I’d like to quote part of the final testimony in the book. “I’m a relative newcomer to chess. Having Asperger’s Syndrome I love the clear, precise logic of the game. I have two chess books in my cell and a nice chess set. I’m placing out the positions from the books and going through the logic and planning of each move. I’m kinda having some fun with it too. Being autistic I have a lot of trouble understanding and experiencing emotions.”

Should you buy this book? If you have any interest at all in the subject of chess in prisons, yes. If you’re involved in any way with chess administration, again, yes. And anyone who quotes Phil Ochs certainly gets my vote, although I could have done without the dubious claims for chess preventing Alzheimer’s Disease. There’s a whole, very different, book to be written on the subject of chess in prisons (Claude Bloodgood gets a brief mention and a game here, but Norman Whitaker and Raymond Weinstein are conspicuous by their absence) and hospitals (my friend Martin Smith has done a lot of research into chess in Broadmoor). Having said that, though, Chess Behind Bars is far more worthwhile than most chess books, and, I would say, deserves your support.

I have a few questions for you, though.

Whose contribution to chess is more valuable? Carl, who is voluntarily promoting chess in prisons in his spare time, or those of us who make a living from teaching the children of well-heeled and aspirational parents in the most affluent parts of London.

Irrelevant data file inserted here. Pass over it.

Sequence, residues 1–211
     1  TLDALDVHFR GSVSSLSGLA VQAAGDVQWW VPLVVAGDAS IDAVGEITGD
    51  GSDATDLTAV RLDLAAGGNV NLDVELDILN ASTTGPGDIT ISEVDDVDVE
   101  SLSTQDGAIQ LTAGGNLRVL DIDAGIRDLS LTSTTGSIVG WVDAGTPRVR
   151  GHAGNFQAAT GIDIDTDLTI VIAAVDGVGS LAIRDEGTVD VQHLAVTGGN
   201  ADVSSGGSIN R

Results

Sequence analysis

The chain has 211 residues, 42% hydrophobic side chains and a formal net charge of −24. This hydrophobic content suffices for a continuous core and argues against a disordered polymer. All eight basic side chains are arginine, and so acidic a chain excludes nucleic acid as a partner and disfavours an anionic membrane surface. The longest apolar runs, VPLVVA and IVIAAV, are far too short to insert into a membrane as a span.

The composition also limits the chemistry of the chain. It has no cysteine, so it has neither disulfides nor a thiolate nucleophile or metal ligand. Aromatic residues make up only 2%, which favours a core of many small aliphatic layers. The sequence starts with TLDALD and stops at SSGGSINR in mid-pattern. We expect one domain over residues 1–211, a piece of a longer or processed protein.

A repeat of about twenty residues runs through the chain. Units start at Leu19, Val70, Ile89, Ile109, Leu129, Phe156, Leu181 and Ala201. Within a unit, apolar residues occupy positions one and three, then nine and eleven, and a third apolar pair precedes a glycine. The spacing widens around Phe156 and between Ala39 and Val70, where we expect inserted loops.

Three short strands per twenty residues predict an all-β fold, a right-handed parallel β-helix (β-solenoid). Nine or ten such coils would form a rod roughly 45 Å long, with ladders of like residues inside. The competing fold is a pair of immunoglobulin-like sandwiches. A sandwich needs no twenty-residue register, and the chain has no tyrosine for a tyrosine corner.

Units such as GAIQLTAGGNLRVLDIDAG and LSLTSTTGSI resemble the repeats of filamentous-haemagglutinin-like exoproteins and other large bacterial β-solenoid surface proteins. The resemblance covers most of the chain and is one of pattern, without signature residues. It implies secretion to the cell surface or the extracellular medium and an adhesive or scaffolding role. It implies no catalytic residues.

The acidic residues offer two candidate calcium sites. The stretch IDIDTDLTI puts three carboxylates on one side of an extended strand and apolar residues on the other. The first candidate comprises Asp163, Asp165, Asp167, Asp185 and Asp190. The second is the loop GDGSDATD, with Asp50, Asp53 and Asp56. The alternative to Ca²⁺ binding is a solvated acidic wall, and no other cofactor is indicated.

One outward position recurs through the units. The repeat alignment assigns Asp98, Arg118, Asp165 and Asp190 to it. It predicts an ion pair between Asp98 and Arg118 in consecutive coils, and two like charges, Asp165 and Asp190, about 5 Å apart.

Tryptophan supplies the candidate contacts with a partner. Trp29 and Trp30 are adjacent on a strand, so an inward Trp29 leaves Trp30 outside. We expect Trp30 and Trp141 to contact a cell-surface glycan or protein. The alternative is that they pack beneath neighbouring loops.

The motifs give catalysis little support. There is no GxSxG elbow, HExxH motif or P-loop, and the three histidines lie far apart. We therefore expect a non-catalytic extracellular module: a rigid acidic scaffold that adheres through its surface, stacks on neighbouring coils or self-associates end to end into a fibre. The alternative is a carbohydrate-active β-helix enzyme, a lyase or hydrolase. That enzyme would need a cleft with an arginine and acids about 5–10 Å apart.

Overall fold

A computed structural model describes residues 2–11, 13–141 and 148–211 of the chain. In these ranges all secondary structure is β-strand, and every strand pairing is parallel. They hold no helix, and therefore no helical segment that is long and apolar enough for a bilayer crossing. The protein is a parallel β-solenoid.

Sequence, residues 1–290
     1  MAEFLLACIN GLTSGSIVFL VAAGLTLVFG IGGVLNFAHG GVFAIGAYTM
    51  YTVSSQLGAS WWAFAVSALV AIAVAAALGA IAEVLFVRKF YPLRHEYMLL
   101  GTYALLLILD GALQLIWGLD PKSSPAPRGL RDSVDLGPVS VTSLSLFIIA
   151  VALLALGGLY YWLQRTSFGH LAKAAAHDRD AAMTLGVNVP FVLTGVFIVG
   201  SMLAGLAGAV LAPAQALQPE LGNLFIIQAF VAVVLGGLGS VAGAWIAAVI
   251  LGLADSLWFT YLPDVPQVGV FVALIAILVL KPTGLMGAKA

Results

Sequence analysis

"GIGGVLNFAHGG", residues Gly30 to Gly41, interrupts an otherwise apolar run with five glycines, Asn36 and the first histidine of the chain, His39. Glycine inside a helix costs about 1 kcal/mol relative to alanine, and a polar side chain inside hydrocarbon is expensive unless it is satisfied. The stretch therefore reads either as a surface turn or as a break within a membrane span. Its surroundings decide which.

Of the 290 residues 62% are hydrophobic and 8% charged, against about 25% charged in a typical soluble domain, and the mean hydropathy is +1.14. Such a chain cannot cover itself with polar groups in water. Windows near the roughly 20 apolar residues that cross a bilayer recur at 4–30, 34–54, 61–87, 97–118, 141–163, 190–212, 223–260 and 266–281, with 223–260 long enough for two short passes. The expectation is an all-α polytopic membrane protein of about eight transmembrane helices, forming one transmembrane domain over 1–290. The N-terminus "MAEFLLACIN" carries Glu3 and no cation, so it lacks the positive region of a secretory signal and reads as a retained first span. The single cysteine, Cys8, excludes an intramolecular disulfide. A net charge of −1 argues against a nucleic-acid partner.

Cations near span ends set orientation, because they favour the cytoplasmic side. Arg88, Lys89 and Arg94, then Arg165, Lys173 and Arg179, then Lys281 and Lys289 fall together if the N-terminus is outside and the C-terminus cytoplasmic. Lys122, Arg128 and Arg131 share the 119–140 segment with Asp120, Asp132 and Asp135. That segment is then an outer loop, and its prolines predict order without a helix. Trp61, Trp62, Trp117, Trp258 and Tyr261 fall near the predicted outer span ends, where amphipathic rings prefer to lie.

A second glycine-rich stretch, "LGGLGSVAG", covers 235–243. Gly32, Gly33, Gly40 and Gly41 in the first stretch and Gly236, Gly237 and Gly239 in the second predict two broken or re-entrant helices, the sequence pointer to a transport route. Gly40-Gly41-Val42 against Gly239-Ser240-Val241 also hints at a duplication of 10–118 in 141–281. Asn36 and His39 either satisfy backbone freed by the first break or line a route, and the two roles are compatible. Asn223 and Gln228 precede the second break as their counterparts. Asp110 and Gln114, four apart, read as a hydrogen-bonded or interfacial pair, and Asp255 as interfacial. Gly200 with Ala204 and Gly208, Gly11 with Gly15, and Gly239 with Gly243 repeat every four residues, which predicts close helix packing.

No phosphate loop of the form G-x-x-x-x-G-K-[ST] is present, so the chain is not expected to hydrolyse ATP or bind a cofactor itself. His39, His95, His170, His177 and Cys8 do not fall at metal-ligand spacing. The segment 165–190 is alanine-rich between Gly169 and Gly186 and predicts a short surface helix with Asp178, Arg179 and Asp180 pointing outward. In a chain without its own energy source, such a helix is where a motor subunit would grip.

What chances are there of someone from Carl’s background discovering chess today? Or indeed someone from John Healy’s background becoming addicted to chess in his teens rather than alcohol? Children who start chess in primary school will only succeed with supportive parents, while those who start chess in secondary school will be able to teach themselves. Most of the secondary schools playing competitive chess in this country are selective. While some of the comprehensive schools in my area have chess clubs, there is no competition and no enthusiastic member of staff who will encourage them to take the game seriously.

I think the chances are somewhere between remote and zero. As long as chess policy is dictated by market forces rather than by genuine need that will continue to be the case. It’s my view that the social benefits from promoting chess in secondary schools are rather more important than the perceived academic benefits of promoting chess in primary schools, but, sadly, it’s not where we are at the moment.

Richard James

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About Richard James

Richard James is a professional chess teacher and writer living in Twickenham, and working mostly with younger children and beginners. He was the co-founder of Richmond Junior Chess Club in 1975 and its director until 2005. He is the webmaster of chessKIDS academy (www.chesskids.org.uk or www.chesskids.me.uk) and, most recently, the author of Chess for Kids and The Right Way to Teach Chess to Kids, both published by Right Way Books. Richard is currently the Curriculum Consultant for Chess in Schools and Communities (www.chessinschools.co.uk) as well as teaching chess in local schools and doing private tuition. He has been a member of Richmond & Twickenham Chess Club since 1966 and currently has an ECF grade of 177.